Ivory Trade Ban Bad News for Hong Kong Carvers
HONG KONG (AP) _ Seated in his workshop where he has meticulously transformed elephant tusks into intricate ivory artwork for four decades, Wong Cheong-lam knows the days of his craft are numbered.
″I’m the only one left,″ he sighs, looking around the the workshop where six carvers once worked.
The artwork crafted by the 55-year-old Wong and the 1,200 or so other ivory carvers in Hong Kong has long been popular.
Wholesalers from the United States, Europe and Japan have eagerly snapped up tons of ivory worked in Hong Kong. Shop windows in tourist districts display works ranging from panormaic landscapes carved from an entire tusk to delicate earrings.
But now the centuries-old craft may be doomed.
In October, the Convention on International Trade in Endangered Species (CITES) adopted a ban on world ivory trading to save Africa’s dwindling elephant population, which has dropped from 1.5 million in the 1970s to an estimated 600,000 now - victims of poachers after their tusks.
The ban gives ivory traders until Jan. 18 to sell their stocks. But Hong Kong companies say they will need much longer to sell 670 tons of ivory, the world’s largest known stockpile, worth about $128 million.
Wong estimates the value of his own uncarved ivory at about $25,600 and said he has no idea what to do. ″It’ll take at least five years to carve it all.″
Local traders are lobbying the government in this British colony to allow them to continue sales past the January deadline and are scrambling to figure out how to save their industry.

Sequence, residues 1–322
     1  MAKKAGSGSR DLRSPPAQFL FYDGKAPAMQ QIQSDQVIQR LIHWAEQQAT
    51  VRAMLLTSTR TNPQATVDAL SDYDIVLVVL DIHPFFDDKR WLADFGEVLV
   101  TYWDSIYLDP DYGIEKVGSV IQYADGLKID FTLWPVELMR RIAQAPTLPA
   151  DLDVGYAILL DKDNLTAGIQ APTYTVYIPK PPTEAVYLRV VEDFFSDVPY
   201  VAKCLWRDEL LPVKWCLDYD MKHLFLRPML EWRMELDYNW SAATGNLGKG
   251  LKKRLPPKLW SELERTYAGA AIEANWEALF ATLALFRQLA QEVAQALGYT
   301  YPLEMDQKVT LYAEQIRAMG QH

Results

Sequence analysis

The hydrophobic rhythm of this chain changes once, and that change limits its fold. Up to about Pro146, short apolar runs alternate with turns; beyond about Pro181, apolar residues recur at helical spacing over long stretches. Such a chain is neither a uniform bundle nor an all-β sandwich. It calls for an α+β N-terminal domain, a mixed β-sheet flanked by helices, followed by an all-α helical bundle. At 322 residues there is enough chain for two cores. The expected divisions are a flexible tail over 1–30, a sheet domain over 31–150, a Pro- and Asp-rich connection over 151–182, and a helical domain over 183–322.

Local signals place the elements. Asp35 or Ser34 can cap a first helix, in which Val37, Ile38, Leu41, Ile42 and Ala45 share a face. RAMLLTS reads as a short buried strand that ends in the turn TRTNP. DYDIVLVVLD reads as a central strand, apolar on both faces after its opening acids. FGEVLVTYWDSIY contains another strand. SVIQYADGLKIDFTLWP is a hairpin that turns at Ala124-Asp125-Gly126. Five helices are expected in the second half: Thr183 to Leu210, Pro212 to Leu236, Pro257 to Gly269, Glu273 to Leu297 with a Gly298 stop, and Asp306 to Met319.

″Between the elephants and the carvers, who do you think should be protected?″ asked an angry Dominic Ng, a leading ivory trader.
Ng suggests the government forbid the import of more tusks but allow the carving and export of the existing stockpile until the ban is reviewed in 1991 by CITES.
But since the United States, Japan and other major ivory import markets are upholding the ban, it is not clear how much such a policy would help the industry in Hong Kong. The only legal market for traders would be smaller countries that do not belong to CITES or refuse to go along with the ban.
The Hong Kong government has indicated it will abide by the trade ban, and officials are considering vocational training for carvers thrown out of work.
But Wong is skeptical about retraining workers.
″Ivory carvers usually do not have much education,″ he said. ″It is too late for them to learn another skill and doing other odd jobs will barely make ends meet.″
The government also has promised to seek support for the creation of an international fund to buy up the ivory stockpile in Hong Kong.
Local traders are demanding compensation for their stockpile, which they say consists of ivory that was purchased with approval by CITES before it imposed the ban.
A government survey found 93 percent of the ivory in Hong Kong contains valid CITES certification, but conservationists argue much of the stockpile comes from the tusks of poached elephants that the convention has nonetheless allowed onto the market.
Nicholas Pirie, chairman of the local branch of the Royal Society for the Prevention of Cruelty to Animals, says the Hong Kong ivory must be destroyed.
If ivory exports were permitted to continue, it would be easy for more poached ivory to be smuggled into the colony and claimed as part of the original stockpile, Pirie argues.
″I sympathize with the workers but I don’t sympathize with the bosses,″ he said.
At his workshop, in an old residential building, Wong methodically works on a six-inch-high elephant figure, using a tiny drill to carve wrinkles in the animal’s feet. The project will take up to three weeks.
Such craftsmanship has been an integral part of Chinese art for centuries. But Wong believes the long history of ivory carving in Hong Kong, now the main center for such work, is reaching an end with or without the ban.
″Who wants to learn how to carve ivory nowadays?″ he said, explaining it takes five years of apprenticeship and pays only about $500 a month.